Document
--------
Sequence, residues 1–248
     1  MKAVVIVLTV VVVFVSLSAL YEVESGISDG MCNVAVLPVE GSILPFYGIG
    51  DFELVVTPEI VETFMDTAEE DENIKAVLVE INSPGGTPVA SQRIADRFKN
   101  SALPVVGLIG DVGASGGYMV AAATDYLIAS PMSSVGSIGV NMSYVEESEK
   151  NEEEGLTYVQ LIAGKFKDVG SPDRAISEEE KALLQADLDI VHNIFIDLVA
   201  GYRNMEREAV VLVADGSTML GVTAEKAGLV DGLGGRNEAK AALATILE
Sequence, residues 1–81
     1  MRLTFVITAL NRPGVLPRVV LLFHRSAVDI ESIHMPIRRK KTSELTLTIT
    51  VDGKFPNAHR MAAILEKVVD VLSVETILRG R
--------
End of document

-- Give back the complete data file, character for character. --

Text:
Sequence, residues 1–248
     1  MKAVVIVLTV VVVFVSLSAL YEVESGISDG MCNVAVLPVE GSILPFYGIG
    51  DFELVVTPEI VETFMDTAEE DENIKAVLVE INSPGGTPVA SQRIADRFKN
   101  SALPVVGLIG DVGASGGYMV AAATDYLIAS PMSSVGSIGV NMSYVEESEK
   151  NEEEGLTYVQ LIAGKFKDVG SPDRAISEEE KALLQADLDI VHNIFIDLVA
   201  GYRNMEREAV VLVADGSTML GVTAEKAGLV DGLGGRNEAK AALATILE
Sequence, residues 1–81
     1  MRLTFVITAL NRPGVLPRVV LLFHRSAVDI ESIHMPIRRK KTSELTLTIT
    51  VDGKFPNAHR MAAILEKVVD VLSVETILRG R